No dispute that he was a corrupt rich guy! 

But, this appointment did not prevent him from assuming his position in Parliament. Again, such appointments were often political and not pragmatic positions. Indeed, The Excise Crisis: Society and Politics in the Age of Walpole, in its Appendix C shows "Richard Fitzwilliam, Viscount Fitzwilliam, Fowey" on a list of "Absent Members." He did not have to actually live and serve in Ireland in 1727! Still, the survey of the Virginia-North Carolina boundary did not actually begin until spring of 1728. He really could have been anywhere in 1727 - at least until he accompanied his fellow commissioners on the 1728 survey! Furthermore, another peerage account showed that he served on "his Majesty's Privy-Council" since September 1714, marrying Frances, only daughter of Sir John Shelley of Michalgrove in Sussex - another position for which he was no doubt absent. He apparently ignored a lot of his "official" responsibilities! I have to wonder if his wife accompanied him in America for any of these remote appointments - perhaps he ignored her, too! After all, she later left him for a convent and I did compare him to Donald Trump... lol.

Location of "Mount Fitzwilliam," still the official governor's residence in Nassau, New Providence, the Bahamas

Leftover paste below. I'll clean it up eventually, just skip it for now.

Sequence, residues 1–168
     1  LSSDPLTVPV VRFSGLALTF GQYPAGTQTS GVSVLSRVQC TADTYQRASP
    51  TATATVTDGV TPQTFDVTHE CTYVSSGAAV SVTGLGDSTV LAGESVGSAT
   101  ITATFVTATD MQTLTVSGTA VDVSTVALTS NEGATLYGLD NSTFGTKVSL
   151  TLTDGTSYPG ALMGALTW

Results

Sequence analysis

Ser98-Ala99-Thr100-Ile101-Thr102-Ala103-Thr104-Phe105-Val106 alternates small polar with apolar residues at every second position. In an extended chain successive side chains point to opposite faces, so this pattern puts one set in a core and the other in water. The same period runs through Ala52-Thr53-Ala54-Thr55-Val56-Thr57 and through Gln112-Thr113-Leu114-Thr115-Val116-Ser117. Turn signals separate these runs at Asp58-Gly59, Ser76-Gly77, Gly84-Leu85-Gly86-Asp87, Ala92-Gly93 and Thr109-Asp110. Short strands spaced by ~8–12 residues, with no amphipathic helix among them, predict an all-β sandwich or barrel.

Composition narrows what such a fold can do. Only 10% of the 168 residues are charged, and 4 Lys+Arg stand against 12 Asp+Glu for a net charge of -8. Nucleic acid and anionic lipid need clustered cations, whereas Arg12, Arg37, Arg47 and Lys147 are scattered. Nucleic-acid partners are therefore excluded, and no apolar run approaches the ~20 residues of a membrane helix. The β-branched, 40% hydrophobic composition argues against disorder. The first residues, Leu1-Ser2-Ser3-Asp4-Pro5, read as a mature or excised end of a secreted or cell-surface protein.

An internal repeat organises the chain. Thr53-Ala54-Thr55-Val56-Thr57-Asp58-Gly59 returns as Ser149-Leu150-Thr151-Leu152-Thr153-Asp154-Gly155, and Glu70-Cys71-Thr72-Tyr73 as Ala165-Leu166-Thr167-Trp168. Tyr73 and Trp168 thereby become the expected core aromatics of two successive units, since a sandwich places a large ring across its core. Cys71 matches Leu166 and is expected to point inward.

Mount Merrion House (Dublin, Ireland) - The Fitzwilliams built Merrion Castle on lands which are today the property of the Sisters of Charity and St Mary's Home and School for the Blind. By 1710 Merrion Castle was in such a bad state of repair that Richard, the 5th Viscount Fitzwilliam, selected 100 acres (0.4 km²) on which he built Mount Merrion House, surrounding the house by an 8-foot-high (2.4 m) granite wall. The house was completed in 1711 and served as a new seat by the 5th Viscount Fitzwilliam on the hill at Mount Merrion. The Fitzwilliam family left for England (Dover Street in St. George, Hanover Square, Middlesex) around 1726. Although the family no longer lived in Mount Merrion House, they retained possession of it, and rented the house out. "Mount Merrion and Its History" by Francis Elrington Ball, in The Journal of the Royal Society of Antiquaries of Ireland, Fifth Series, Vol. 8, No. 4 (Dec. 31, 1898), pp. 329-344.